Trill involve the expenditure of some hundreds of thousands of pounds annually, which will have to be met by Australian taxpayers. The continuance of the bounty, even at a reduced rate, "will, of course, be of great benefit to Australian grape-growers; but I remind the committee that a wine bounty was not paid in the first instance to encourage the planting of additional areas. It was intended merely to assist the industry, and, as every one knows, was regarded only as a temporary measure of relief. It was especially intended to assist an industry in which a large number of returned soldiers were engaged. They had been directed to plant large areas with a particular kind of vine which, before the bounty was payable, was being grown unprofitably. I submit that the additional wine exported as a result of the bounty only increases the financial loss to the Commonwealth. The bounty would never have been granted if it had been thought that the industry would not be on a proper basis within a few years and unable to carry on without governmental assistance. It may be urged by the Minister that the bounty will be paid only until September, 1930; and if I were confident that no further payments would be made after that date I would not press my amendment. Studying the matter from a political viewpoint, however, I think there is every possibility of it being paid after 1930, as when once a government starts spoon-feeding an industry it finds it exceedingly difficult to stop. It cannot be denied that assistance in this form has resulted in larger areas being planted, not only with doradillo vines, which are used for the production .of fortifying spirit, but also with other wines, the grapes from which are used for wine-making. To this extent the bounty has been detrimental to the taxpayers. All the amendment provides is that the bounty shall be payable only on wines produced from areas planted before March of this year. The bounty would be paid on the product of vines which were renewals ; but if new areas are planted the growers will not benefit from governmental assistance. I shall probably be told that the amendment, if incorporated in the bill, will be difficult to administer. That may be so; but difficulties in administration do not constitute sufficient reason for rejecting an amendment which provides a safeguard. We are not sent here to be told by customs officials what we should and should not do. If we make it clear that after a given date persons applying for the wine bounty must make a statutory declaration that the wine on which the bounty is claimed is the product of areas planted before March last, there should be no difficulty.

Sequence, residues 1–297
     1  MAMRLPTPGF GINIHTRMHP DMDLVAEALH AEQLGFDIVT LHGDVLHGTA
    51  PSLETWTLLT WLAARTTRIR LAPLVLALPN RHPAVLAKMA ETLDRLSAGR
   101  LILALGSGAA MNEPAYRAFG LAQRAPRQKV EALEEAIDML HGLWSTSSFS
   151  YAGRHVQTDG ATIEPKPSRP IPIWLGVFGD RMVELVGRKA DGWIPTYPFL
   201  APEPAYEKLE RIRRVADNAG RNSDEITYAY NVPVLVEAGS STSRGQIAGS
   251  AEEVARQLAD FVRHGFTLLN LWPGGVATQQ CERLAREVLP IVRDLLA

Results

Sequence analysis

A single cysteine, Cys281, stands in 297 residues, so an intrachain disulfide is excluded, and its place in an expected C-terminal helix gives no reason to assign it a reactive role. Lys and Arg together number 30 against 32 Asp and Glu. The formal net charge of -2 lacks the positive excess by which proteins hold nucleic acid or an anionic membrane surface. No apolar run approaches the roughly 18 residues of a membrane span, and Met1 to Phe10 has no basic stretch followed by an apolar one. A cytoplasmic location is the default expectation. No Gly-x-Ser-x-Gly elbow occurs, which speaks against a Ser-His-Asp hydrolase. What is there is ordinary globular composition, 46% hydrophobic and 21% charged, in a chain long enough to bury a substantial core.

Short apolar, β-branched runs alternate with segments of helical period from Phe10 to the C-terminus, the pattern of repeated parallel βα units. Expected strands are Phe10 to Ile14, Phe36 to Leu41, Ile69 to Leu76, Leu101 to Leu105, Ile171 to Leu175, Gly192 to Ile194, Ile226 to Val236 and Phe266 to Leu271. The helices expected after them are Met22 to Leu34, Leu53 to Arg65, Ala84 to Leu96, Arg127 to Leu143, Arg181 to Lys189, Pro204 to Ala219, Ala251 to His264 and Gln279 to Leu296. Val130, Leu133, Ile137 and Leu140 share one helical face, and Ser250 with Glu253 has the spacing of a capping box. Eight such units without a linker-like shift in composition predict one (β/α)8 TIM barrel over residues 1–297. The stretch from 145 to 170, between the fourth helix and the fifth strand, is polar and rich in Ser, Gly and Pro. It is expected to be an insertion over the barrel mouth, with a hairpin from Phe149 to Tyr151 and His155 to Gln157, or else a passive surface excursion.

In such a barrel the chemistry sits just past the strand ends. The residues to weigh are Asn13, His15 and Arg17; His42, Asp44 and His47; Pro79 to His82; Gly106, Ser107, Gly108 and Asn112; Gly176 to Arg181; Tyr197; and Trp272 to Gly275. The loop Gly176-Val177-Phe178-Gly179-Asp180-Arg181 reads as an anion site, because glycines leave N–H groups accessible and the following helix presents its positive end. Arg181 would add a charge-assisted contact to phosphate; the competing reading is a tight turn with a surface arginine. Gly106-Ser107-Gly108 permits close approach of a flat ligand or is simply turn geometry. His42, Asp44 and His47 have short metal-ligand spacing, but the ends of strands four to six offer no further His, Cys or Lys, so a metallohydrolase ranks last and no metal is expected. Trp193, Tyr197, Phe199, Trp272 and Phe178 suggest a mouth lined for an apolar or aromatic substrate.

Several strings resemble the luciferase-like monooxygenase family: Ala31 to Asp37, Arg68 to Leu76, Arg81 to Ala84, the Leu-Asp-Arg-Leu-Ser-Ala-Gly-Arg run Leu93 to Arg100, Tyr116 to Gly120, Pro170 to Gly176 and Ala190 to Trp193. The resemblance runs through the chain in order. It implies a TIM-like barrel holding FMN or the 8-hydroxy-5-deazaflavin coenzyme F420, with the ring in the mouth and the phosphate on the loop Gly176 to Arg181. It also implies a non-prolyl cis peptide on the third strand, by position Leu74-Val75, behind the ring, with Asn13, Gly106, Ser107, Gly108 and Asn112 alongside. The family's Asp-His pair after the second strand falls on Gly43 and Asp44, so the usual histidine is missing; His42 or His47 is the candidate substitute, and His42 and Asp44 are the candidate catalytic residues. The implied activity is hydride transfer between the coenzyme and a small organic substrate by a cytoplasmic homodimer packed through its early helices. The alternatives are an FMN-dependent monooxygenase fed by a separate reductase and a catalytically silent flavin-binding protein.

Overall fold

Mr Fenton - The employment of a squad of police would be necessary to enforce the law.


Mr GULLETT - I do not believe that the grape-growers are so criminally disposed that they would plant vines with the object of defrauding the Customs Department. The adoption of an amendment such as I have moved will check planting, and the further extension of an industry which is already unprofitable. So far as I am aware the wine bounty is the only Commonwealth bounty on which there is no limit as to the total amount payable. The total amounts of the bounty payable on sugar, cotton, and iron and steel are limited.


Mr Paterson - There is no bounty on sugar.


Mr GULLETT - It is not actually a a bounty, but the assistance given the industry is limited by the Australian market.


Mr Gregory - The bounties payable on wire and wire netting are not limited.


Mr GULLETT - I did not mention wire and wire netting; but so far as I know, the wine bounty is the only one on which there is no limit as to total expenditure. I do not wish to delay the committee, but I contend that there is a sound, businesslike, and economic principle underlying this amendment, which honorable members in performing their duties to the taxpayers should support. In view of our financial and economical position, it is the duty of honorable members to support the amendment, as the wine bounty has already cost the taxpayers two or three times more than was contemplated when it was first adopted.